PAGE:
It seems the German government has finally publicly accepted what everyone already knew – that Greece will need some kind of further financial assistance after its second bailout programme expires at the end of 2014. German Finance Minister Wolfgang Schäuble told a CDU election rally yesterday:
“There will have to be another [bailout] programme in Greece,” in order to help the country “get over the hill” of debt repayments it faces.
Despite attempts from both the German Chancellor Angela Merkel and German finance ministry spokesmen to row back from the comments and suggest they are not, in fact, a change in stance, the remarks seem to have stuck.
What form might the third bailout package take?
- According to the IMF, Greece’s total funding gap up to the end of 2015 is around €11.1 billion (5.8% of GDP) – so this can be taken as a lower bound of the funding needed. Privatisation receipts (which have notoriously fallen short) are expected to reach €7.7 billion over the next three years. Further shortfalls here could push up funding needs.
- A further extension of maturities and reduction in interest rates on the official sector loans, as suggested by EU Economic and Monetary Affairs Commissioner Olli Rehn also seems likely. However, interest on loans from the EFSF – the eurozone’s temporary bailout fund – are already at cost and payments have been deferred for ten years. The IMF is also unlikely to reduce its interest rate as this would amount to a form of debt restructuring, which the IMF refuses to engage in due to being the most senior creditor. This leaves only the eurozone’s bilateral loans from the first Greek bailout, the interest on which has already been reduced to around 1.5% (well below most eurozone states’ long-term borrowing costs). Therefore, scope for further reduction is limited, and the benefit it could provide would amount, at most, to a couple of billion spread over a long period, as we have previously noted.
- Another widely touted proposal is to use the leftover funds originally allocated for Greek bank recapitalisation. So far, according to the IMF, Greek banks have received €40.9 billion out of an allocated €50 billion. Although it seems the EFSF expects this to increase to around €48.2 billion. It is likely some additional buffer will be needed, given the pace of increase in bad loans in Greece, meaning the amount available is likely to be between €2bn and €4bn max.
- A final idea, reported by Süddeutsche Zeitung, is that EU structural funds could be able to provide some of this funding. It’s not clear exactly how this would happen and, as we’ve noted before, we’re sceptical of the idea that there is lots of excess money floating around to be easily reallocated in the EU’s structural fund programme. Given that the new EU budget headlines for 2014-2020 are set, it’s not clear how much more money can be squeezed out for Greece. One option would be to adjust the ‘co-financing rate’ (the amount the Greek government contributes to each project to gain funding) but this has already been adjusted and provided little boost to the take up of funds, which remains well below target.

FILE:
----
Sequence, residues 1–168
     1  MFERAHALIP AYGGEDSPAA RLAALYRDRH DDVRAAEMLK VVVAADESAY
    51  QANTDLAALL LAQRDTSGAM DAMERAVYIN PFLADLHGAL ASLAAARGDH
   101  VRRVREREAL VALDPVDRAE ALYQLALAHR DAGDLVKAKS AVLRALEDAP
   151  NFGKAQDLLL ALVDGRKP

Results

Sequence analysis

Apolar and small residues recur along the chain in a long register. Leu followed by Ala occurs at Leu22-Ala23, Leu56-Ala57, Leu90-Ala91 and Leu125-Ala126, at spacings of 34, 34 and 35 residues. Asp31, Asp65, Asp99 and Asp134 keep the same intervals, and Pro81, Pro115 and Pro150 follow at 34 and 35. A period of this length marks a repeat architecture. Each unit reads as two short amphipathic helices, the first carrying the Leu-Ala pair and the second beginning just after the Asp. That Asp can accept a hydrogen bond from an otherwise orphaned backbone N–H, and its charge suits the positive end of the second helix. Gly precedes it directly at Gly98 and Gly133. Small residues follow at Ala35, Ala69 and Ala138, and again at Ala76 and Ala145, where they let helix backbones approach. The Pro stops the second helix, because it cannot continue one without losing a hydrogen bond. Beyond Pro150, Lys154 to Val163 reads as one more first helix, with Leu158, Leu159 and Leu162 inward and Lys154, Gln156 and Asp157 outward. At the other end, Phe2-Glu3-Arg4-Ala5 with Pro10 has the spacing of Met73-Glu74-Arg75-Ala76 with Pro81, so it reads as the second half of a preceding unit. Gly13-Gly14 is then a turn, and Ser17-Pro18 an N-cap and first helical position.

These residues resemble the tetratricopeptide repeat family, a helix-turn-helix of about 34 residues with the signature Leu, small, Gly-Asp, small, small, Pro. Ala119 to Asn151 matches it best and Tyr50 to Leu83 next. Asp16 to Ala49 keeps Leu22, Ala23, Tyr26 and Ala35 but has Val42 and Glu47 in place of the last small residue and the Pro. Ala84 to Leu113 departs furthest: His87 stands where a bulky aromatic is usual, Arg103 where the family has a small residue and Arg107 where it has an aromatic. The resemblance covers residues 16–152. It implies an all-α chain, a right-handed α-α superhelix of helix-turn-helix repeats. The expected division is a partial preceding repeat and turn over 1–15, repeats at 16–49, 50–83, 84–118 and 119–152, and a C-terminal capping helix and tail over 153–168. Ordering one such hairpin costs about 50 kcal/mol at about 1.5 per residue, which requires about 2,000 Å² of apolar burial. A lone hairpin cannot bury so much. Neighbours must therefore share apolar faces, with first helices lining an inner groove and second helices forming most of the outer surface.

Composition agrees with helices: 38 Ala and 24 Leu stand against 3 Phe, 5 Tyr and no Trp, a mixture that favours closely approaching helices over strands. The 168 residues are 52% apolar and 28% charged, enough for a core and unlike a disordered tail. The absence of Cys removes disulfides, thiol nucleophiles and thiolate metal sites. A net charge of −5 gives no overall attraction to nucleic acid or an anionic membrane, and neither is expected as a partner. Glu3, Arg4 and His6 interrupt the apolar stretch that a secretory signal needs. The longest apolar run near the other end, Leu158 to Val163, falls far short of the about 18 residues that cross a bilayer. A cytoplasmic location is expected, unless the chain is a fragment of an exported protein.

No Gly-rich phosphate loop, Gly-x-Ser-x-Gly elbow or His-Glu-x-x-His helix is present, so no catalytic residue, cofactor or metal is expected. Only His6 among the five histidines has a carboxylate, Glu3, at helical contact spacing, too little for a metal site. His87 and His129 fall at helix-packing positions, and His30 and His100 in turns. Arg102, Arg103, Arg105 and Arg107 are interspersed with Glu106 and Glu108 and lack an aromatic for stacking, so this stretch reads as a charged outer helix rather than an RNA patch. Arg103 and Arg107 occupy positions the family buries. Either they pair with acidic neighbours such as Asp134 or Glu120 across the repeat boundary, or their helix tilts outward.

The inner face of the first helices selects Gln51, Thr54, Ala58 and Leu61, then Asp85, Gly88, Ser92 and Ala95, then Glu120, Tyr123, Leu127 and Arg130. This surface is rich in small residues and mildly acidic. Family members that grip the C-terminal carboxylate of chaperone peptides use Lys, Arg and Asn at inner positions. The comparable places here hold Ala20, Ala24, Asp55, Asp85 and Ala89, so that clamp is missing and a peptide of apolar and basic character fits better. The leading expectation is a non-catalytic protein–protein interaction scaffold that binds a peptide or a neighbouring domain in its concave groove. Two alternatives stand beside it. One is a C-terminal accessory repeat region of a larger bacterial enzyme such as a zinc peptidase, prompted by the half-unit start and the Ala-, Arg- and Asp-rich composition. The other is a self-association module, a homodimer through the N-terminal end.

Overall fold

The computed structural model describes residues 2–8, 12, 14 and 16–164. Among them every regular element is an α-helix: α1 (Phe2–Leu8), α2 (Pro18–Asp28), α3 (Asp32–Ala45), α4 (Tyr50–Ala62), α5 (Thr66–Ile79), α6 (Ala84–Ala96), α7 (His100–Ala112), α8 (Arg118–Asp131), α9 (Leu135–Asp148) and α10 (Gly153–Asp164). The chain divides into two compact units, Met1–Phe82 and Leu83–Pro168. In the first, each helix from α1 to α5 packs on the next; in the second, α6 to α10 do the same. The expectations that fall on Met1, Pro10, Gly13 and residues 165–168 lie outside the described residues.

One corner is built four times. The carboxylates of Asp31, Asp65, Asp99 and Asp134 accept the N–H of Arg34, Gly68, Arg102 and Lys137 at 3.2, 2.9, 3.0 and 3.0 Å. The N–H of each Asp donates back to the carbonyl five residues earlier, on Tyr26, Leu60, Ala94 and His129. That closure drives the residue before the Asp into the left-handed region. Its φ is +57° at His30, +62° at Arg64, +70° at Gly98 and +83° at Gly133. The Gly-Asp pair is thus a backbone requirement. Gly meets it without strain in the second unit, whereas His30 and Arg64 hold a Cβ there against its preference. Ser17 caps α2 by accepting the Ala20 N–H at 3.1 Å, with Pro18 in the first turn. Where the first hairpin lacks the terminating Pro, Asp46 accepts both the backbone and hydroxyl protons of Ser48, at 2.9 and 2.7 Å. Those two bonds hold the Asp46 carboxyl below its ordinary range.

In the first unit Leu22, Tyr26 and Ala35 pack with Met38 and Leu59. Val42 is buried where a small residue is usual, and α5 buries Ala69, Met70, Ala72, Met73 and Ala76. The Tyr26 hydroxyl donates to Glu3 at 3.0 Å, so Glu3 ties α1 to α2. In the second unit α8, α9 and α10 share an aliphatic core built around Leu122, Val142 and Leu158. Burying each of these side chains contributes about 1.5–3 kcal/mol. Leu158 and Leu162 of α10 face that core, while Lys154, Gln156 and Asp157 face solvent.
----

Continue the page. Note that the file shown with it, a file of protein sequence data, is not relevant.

Lots of questions to be answered then about the size and format of what may be the trickiest Greek bailout to date, given the tough political constraints and the on-going (very tenuous) premise of debt sustainability. An important consideration, as Schäuble suggested, will be to get Greece over its funding hump in the next couple of years (data from Greek debt bulletins):
The final point to note is the continuing German aversion to further debt relief for Greece, something the IMF and nearly all private observers accept is necessary. Within Germany, this seems to be a result of the government ‘learning its lesson’ from the first Greek debt restructuring, which patently failed. However, the German government seems to be learning the wrong lesson for the wrong reasons – it was not that restructuring was a bad idea in itself, but simply that all such a large amount of debt was held by Greek banks that the ensuing recapitalisation and bailout negated any benefit.
The German government clearly remains loathe to discuss any such details, meaning a clear plan is unlikely to emerge until the end of the year. In the meantime, we can’t help but wonder how the Greek public will react to the prospect of another bailout with another set of conditions attached. Could the big unknown outside the eurozone begin to look attractive once again? Maybe, or maybe not – but it may well start to factor into their thinking at some point.Open Europe blog team